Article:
Monday, July 9, 2012

Syria:Straight Talking: -The Syrian Cauldron

By Jeremy Salt
Ankara – Tension between Turkey and Syria along their border is edging closer to flashpoint. Last week a Turkish air force jet was shot down after violating Syrian air space. The Syrian government said the plane was hit while inside Syrian air space. Turkey says it had already left Syrian air space and was hit in international air space.

What the plane was doing inside Syrian air space is another matter. Turkey’s President, Abdullah Gul, said it had ‘strayed’ off course. Other accounts suggest that it was there to ‘light up’ Syria’s radar system or test its missile defences. Turkey immediately sent troops and armor to the border and invoked Article 4 of the NATO Charter, calling for consultation with its partners in the alliance. They immediately endorsed the Turkish version. Hillary Clinton called the shooting down of the plane ‘brazen’ while William Hague thought it was ‘outrageous’, words, one cannot help noting, that they have never used to describe the missile attacks by their armed forces that have killed civilians in Afghanistan, Pakistan, Yemen, Somalia and Libya.

Another ‘incident’ might lead to Turkey invoking Article 5, the common defence article of the NATO Charter, which regards an attack on one member as an attack on all. War between Syria and Turkey would then become war between Syria and all NATO members, leading in turn to confrontation between the NATO/Gulf state bloc on one hand and Russia, China, Iran and their allies on the other.

There is nothing accidental or unwilled about what is happening in Syria.

The government in Damascus has been deliberately locked into a cycle of violence fed from the outside by the self-styled ‘Friends of Syria’. Both sides are implicated in the killing of civilians yet the mainstream media has created a narrative in which virtually all the killing is the work of the army or the ‘regime loyalists’ known as the shabiha.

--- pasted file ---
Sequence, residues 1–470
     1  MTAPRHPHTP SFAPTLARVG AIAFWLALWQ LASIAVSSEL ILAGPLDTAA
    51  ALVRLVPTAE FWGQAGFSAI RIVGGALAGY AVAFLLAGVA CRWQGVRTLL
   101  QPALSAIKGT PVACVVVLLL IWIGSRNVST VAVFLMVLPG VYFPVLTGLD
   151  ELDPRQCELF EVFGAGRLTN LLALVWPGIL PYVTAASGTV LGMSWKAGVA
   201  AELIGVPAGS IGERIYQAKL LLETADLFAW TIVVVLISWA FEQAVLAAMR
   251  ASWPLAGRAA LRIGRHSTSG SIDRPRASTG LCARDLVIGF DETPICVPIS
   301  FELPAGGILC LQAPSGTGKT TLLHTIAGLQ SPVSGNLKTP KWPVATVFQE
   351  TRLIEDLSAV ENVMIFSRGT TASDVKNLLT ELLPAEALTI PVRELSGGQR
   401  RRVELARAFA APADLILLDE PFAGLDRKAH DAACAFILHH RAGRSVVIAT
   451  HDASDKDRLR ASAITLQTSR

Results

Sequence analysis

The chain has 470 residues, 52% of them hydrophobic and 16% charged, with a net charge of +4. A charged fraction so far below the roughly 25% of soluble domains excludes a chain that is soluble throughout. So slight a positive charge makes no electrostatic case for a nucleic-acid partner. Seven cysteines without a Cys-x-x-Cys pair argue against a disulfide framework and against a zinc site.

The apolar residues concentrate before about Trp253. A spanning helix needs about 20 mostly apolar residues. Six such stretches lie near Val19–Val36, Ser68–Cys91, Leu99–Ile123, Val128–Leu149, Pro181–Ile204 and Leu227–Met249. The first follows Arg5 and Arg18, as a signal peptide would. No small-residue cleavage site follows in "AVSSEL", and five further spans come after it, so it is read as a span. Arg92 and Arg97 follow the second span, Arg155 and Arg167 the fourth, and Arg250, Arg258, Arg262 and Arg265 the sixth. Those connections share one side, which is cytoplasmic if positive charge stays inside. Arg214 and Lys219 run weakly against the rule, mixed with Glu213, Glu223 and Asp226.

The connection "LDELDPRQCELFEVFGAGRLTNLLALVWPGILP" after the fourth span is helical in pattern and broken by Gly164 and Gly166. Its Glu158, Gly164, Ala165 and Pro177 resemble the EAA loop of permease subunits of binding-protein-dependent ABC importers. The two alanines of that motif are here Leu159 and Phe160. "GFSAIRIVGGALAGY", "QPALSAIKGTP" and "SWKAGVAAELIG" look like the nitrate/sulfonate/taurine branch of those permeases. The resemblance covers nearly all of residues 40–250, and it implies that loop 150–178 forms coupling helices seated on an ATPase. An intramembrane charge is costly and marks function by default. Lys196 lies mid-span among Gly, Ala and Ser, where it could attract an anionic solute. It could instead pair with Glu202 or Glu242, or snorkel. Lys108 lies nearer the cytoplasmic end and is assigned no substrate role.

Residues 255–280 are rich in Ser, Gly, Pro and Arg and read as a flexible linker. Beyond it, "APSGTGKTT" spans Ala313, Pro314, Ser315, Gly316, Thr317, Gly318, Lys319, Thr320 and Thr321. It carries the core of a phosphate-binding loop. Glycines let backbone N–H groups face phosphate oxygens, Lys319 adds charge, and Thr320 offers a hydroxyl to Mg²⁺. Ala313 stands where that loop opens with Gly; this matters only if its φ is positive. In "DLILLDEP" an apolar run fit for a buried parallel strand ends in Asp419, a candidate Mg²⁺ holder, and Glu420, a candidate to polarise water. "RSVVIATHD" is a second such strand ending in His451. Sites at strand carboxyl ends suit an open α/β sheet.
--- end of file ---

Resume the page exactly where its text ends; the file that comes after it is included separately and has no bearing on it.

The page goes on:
‘Activists’ routinely blame every murder, bombing and act of sabotage on the government even when the victims have been Baath loyalists (as was the professor murdered by armed men in her home on the outskirts of Homs in late June, along with her three children and parents).

The suffering of families whose menfolk have been killed after taking up arms against the government is reported in the media but not the suffering of families who have lost members to the armed groups.

The jury remains out on the Hula massacre. ( Not True)

While the UN Human Rights Council says in its latest report that ‘many’ of the killings ‘may’ have been the work of regime loyalists, other evidence points to the massacre having been the handiwork of jihadis, reportedly including the Faruq Brigade of the so-called Free Syrian Army. As the Human Rights Council admits that it has no conclusive evidence as to who was behind this massacre it might have been more responsible for it say nothing unless and until it did have such evidence.

This unbalanced narrative feeds into the war strategies being framed by the ‘Friends of Syria’.

These ‘friends’ insist that the armed campaign they are sponsoring is directed against the government and not the people. What ‘the people’ – by any measure the majority of Syrians – want is hard to gauge amidst such chaos but evidence suggests they see these ‘friends’ as their enemies.

The referendum in February and the elections in May were hardly perfect but remain the clearest indications yet of general support amongst Syrians for a political solution to the crisis gripping their country.

Outside the enclaves dominated by the armed groups, the people are strongly opposed to these groups and their external backers, knowing that but for the obstruction of Russia and China, NATO warplanes would have been bombing their country long more